By John W. Lillpop
Conservatives have long known that right-wing organizations have been singled out for extra scrutiny by the Internal Revenue Service (IRS) based on ideological profiling.
Of course, the left-wing media and political cabal have denied that any such bias exists, and have ridiculed conservatives for even suggesting such an outrage.
Imagine the shock in liberal news rooms and Democrat conclaves this day when the IRS actually admitted their profiling naughtiness and apologized for same.
As reported at the reference:
WASHINGTON (AP) — The Internal Revenue Service apologized Friday for what it acknowledged was "inappropriate" targeting of conservative political groups during the 2012 election to see if they were violating their tax-exempt status.The IRS apology is worthy of emulation, from, say, the liberal media?
IRS agents singled out dozens of organizations for additional reviews because they included the words "tea party" or "patriot" in their exemption applications, said Lois Lerner, who heads the IRS division that oversees tax-exempt groups. In some cases, groups were asked for lists of donors, which violates IRS policy in most cases, she said.
The agency — led at the time by a Bush administration appointee — blamed low-level employees, saying no high-level officials were aware. But that wasn't good enough for Republicans in Congress, who are conducting several investigations and asked for more.
"I call on the White House to conduct a transparent, government-wide review aimed at assuring the American people that these thuggish practices are not under way at the IRS or elsewhere in the administration against anyone, regardless of their political views," said Senate Republican leader Mitch McConnell of Kentucky.
"The admission by the Obama administration that the Internal Revenue Service targeted political opponents echoes some of the most shameful abuses of government power in 20th century American history," said House Speaker John Boehner, R-Ohio.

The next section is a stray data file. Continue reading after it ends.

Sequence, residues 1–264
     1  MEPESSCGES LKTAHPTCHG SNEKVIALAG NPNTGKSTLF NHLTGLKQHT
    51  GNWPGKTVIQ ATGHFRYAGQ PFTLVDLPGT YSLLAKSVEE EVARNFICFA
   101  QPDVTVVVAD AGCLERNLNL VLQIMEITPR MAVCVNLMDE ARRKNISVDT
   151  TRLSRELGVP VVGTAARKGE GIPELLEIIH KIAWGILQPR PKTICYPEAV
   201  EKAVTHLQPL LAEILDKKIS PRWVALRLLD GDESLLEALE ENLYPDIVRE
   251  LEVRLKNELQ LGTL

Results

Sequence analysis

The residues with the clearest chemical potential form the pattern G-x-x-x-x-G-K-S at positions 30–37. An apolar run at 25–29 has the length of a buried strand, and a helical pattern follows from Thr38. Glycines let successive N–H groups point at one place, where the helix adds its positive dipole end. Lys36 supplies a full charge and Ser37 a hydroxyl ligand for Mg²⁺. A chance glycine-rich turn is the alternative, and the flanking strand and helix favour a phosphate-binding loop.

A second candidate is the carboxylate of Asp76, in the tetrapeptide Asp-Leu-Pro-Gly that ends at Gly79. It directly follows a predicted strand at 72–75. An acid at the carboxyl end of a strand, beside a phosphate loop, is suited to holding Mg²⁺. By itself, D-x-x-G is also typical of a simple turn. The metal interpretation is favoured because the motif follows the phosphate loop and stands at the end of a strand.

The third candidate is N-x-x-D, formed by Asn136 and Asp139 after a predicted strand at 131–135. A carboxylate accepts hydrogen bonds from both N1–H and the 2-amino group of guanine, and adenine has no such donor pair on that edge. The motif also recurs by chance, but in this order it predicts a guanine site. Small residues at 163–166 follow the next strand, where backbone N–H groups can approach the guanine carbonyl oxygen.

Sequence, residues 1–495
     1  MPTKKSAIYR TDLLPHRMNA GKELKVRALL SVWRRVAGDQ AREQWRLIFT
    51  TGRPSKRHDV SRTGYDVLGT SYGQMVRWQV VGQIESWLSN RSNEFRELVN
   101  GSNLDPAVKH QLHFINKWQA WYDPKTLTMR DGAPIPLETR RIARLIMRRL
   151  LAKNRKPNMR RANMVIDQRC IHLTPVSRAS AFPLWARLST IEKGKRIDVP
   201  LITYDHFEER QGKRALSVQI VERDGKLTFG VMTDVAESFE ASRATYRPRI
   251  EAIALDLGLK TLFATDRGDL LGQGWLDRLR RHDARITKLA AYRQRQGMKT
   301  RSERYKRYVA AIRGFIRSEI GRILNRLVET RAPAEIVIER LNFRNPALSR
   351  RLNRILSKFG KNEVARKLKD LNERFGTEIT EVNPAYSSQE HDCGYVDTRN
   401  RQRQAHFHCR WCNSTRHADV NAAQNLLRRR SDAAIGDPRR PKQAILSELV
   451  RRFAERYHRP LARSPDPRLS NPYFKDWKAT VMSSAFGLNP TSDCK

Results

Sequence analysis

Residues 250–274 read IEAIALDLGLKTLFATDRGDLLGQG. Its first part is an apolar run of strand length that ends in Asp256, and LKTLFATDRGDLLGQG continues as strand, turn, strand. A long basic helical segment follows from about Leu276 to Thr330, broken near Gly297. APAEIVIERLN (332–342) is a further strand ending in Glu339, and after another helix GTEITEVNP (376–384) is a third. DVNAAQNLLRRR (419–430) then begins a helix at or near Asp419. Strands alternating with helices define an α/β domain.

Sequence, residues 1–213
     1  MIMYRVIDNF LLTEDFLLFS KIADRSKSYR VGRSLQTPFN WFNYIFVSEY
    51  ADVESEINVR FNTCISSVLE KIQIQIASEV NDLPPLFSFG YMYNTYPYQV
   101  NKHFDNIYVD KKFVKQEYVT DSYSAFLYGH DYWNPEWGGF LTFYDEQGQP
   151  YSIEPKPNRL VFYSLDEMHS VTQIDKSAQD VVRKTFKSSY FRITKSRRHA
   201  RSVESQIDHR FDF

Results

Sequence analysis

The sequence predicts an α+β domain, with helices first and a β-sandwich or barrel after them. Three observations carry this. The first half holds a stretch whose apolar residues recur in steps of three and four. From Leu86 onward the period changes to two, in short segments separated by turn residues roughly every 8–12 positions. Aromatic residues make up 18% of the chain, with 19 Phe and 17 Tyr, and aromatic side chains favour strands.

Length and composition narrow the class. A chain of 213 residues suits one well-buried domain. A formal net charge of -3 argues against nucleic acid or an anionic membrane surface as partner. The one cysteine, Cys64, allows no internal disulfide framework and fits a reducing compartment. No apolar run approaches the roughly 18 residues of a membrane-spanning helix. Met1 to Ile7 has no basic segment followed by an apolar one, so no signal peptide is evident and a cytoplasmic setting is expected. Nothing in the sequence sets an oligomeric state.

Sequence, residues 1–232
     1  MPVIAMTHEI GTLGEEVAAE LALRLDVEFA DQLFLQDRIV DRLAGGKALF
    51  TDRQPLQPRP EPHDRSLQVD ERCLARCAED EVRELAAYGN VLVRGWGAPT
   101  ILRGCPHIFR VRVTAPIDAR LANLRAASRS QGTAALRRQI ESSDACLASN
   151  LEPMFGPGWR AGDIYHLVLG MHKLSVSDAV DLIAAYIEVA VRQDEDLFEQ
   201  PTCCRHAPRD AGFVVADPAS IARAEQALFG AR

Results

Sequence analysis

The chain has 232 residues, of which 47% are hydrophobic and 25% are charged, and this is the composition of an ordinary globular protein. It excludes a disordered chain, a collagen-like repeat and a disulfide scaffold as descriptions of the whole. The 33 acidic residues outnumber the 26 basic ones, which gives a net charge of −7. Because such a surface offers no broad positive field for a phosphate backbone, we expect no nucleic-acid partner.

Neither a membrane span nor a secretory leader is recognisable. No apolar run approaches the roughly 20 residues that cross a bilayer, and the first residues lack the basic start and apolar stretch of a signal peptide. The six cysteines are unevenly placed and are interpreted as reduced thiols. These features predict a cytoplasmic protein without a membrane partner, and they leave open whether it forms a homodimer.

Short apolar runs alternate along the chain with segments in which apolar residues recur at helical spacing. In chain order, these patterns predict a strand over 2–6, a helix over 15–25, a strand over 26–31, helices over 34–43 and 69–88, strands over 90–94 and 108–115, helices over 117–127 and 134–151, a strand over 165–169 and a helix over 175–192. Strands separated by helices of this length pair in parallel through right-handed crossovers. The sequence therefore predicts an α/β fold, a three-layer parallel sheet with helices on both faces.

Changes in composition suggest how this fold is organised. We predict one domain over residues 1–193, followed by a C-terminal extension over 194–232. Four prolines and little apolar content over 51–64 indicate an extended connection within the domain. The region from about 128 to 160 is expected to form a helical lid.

Many conservative groups complained during the campaign that they were being harassed by the IRS. They accused the agency of frustrating their attempts to become tax exempt by sending them lengthy, intrusive questionnaires.
The forms, which the groups have made available, sought information about group members' political activities, including details of their postings on social networking websites and about family members.
IRS Commissioner Douglas Shulman told Congress in March 2012 that the IRS was not targeting groups based on politics.
"There's absolutely no targeting. This is the kind of back and forth that happens to people" who apply for tax-exempt status, Shulman told a House Ways and Means subcommittee.
The IRS said senior leaders were not aware that specific groups were being targeted at the time of the hearing.
"While we acknowledged centralization of these applications last year, the IRS did not acknowledge the use of names as part of the process earlier because the details were not initially known to senior leadership and (the inspector general) has been reviewing the situation," the IRS said in a statement. "Their work is now far enough along that it was appropriate to address the issue when it came up during (Friday's) tax conference."